How to Check Belts

by Contributor

A broken belt is painful to the wallet; get in the habit of scoping yours out from time to time, and have all the belts changed at 60,000 miles. There should be no extra labor charge if you ask your mechanic to change them when the timing belt is replaced at 60,000 miles.

Turn off the engine.

Pull the hood release lever under the dashboard.

Walk around to the front of the car, reach under the hood, find the latch and squeeze it. As you squeeze the latch, open the hood.

Find the belts located on the very front of the engine. On a front-wheel-drive car, the front of the engine is usually adjacent to the fender; on a rear-wheel-drive car, the front of the engine is adjacent to the radiator and the front bumper.

Note that there will be 2 or more belts, depending on the car. Belts are used to operate the fan, water pump, alternator, air conditioner, power steering pump and smog pump.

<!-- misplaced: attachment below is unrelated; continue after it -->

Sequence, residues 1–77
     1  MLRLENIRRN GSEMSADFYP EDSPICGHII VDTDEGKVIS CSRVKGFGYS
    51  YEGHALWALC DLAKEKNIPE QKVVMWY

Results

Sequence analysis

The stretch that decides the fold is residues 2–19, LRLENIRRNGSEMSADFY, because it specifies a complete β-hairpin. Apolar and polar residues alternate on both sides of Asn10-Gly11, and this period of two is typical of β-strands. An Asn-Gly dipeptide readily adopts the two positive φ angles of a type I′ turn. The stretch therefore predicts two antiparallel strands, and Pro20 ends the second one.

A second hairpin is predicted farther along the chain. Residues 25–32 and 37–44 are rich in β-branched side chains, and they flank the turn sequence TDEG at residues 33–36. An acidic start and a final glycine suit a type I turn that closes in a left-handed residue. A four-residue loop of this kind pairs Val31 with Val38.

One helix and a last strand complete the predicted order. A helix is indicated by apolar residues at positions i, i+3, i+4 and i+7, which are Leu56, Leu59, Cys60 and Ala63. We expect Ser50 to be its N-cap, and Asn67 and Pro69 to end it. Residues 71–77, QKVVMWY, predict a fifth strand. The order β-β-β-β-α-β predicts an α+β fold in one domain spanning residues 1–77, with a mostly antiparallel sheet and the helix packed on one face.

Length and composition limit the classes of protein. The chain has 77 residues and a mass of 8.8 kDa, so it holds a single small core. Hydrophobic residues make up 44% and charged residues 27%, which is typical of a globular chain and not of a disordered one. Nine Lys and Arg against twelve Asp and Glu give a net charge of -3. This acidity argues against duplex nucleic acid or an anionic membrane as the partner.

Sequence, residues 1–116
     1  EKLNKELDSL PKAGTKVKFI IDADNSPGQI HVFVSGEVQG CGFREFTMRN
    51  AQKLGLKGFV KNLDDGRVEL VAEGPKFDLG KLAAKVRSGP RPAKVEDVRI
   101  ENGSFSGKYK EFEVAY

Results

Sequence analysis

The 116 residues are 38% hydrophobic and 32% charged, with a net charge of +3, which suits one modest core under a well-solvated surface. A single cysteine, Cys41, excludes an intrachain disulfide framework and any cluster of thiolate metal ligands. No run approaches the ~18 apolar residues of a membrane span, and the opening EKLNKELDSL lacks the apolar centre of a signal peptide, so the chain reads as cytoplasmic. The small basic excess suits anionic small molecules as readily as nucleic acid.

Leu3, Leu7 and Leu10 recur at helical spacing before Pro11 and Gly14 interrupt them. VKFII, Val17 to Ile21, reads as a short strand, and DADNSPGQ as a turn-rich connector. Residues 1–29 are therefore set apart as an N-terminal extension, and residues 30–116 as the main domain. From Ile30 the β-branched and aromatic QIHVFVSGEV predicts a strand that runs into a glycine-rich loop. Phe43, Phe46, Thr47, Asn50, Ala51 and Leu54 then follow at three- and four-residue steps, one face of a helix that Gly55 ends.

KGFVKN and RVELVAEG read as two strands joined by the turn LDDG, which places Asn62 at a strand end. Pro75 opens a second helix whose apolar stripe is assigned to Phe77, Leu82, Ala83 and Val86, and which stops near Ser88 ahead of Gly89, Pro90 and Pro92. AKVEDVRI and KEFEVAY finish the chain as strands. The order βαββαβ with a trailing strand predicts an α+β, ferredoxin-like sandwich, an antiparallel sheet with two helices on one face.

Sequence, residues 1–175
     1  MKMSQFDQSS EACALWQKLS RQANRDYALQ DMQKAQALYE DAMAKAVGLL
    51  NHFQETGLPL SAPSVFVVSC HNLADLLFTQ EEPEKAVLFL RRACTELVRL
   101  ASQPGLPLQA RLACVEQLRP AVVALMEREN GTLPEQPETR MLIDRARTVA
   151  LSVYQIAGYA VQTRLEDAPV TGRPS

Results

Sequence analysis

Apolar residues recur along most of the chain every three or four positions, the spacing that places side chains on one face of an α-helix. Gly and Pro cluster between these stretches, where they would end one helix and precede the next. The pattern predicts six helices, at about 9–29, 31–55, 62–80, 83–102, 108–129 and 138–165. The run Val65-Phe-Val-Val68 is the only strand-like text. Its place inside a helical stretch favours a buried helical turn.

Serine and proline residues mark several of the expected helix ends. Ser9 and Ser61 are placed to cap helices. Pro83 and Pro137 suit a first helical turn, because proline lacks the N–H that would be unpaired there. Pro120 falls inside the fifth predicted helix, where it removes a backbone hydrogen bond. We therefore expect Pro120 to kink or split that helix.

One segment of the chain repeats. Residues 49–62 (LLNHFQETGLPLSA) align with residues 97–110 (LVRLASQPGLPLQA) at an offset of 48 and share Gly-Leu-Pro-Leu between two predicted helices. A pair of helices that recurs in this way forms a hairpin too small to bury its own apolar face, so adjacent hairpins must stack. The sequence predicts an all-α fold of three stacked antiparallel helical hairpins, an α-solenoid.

Press lightly with your thumb on each belt at the belt's longest part between pulleys.

Check the appropriate tension for your belts in your car's manual. Belts should not have more than 1 inch of "give" in either direction.

Observe the belt as you press on it. If it's cracked or can be easily pushed more than 1 inch, it most likely needs to be replaced.


  • check Let the engine cool before checking the belts, and be careful around hot engine parts.
  • check Some belts run more smoothly after being sprayed with "belt dressing."
  • check If your belts make a horrible shrieking sound when you press on the gas pedal, they are too loose, and probably need to be tightened or replaced.

Items you will need

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